Family Reunion, 1865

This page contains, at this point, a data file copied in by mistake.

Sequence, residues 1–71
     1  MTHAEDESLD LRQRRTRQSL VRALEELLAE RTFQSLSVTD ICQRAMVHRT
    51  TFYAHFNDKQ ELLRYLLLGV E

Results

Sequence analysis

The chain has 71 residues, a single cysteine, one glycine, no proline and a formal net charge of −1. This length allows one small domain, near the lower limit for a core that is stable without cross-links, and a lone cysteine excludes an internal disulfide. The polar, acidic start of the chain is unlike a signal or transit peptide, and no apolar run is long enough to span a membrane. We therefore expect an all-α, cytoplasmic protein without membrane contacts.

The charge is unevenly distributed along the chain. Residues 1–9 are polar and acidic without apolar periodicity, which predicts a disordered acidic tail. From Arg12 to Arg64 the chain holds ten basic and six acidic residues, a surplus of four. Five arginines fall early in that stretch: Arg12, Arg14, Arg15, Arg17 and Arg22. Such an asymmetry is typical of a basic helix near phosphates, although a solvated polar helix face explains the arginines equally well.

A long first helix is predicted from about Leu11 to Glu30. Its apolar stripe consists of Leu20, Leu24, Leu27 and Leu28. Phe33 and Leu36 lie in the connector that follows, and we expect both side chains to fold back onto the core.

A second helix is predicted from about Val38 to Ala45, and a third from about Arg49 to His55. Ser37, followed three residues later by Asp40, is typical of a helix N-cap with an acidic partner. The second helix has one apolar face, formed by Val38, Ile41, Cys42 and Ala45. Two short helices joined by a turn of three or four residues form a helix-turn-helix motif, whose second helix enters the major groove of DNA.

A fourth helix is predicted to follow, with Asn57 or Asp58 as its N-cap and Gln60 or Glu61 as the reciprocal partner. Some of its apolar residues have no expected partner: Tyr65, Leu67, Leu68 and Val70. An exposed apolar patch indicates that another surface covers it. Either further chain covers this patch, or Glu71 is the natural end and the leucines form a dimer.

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�������� Family Reunion, 1865Family Reunion, 1865 �������� Family Reunion, 1865 Family Reunion, 1865 I grew up in a big family. There were nine first cousins, and that’s just on my mother’s side. My mother’s mother, Granny Francis, had us all over for Sunday dinner once a month when the weather was fair enough to travel. She loved it: all four of her children and their spouses, and the grandchildren running around underfoot. None of us could have predicted how the Civil War would pull us apart. You see, Granny lived in Fulton, Kentucky, right on the Tennessee border. Two of her children, my Aunt Harriet and Uncle William, lived with their families on farms nearby. Mama and Uncle Benjamin had both moved down to Tennessee when they married. After Tennessee joined the Confederacy in 1861, well, as far as we were concerned, we lived in a different country. At first, we went on having Sunday dinners. I can still see it in my mind: Papa and Uncle Ben in their gray Confederate uniforms sitting across from Uncle Jed and Uncle William in their blue Union gear saying, polite as can be, “Could I trouble you to pass the peas?” When the men went off to their regiments, Granny tried to keep the women and children coming for dinner. At the last get-together, my cousin George, Uncle William’s oldest, got into a tiff with my brother Sam over a game. George called Sam “Grayback!” and Sam shouted, “Bluebelly!” Before you knew it, the mothers were in on the commotion, and there was a lot of stamping and doors slamming. Granny looked so sad as we left. She knew that we wouldn’t be coming back. The fact is, those dinners couldn’t have gone on much longer. The two sides were so worried about spies and the shipment of supplies that a close watch was kept on the border between North and South. That border ran pretty much through our yard. We all knew without saying that it was Granny’s nightmare that any of her loved ones should meet on the battlefield. And it did happen. Papa and Uncle William were both at Shiloh in April 1862. Each knew that the other’s regiment was there, and—loyal soldiers though they were—both were mightily relieved when they got word sometime after that the other was unhurt. But we did not come through the troubles untouched. Uncle Ben was wounded at Gettysburg. Uncle Jed died at Nashville in December 1964. We all grieved for him, Confederate and Union alike. His widow, Aunt Harriet, and her two girls came to live with us on our farm. What a hullabaloo the day of our first Sunday dinner together, six months after the end of the war. There were tears and hugs all around, and enough food to feed us all twice over. Granny was just so pleased to see Papa and William shake hands, and all the little “Graybacks” and “Bluebellies” running underfoot like old times. Even us one-time secessionists could see it was better for the family—for the country—to stick together. ™ © Advanced Assessment Systems/LinkIt! Duplication is restricted to licensees only.

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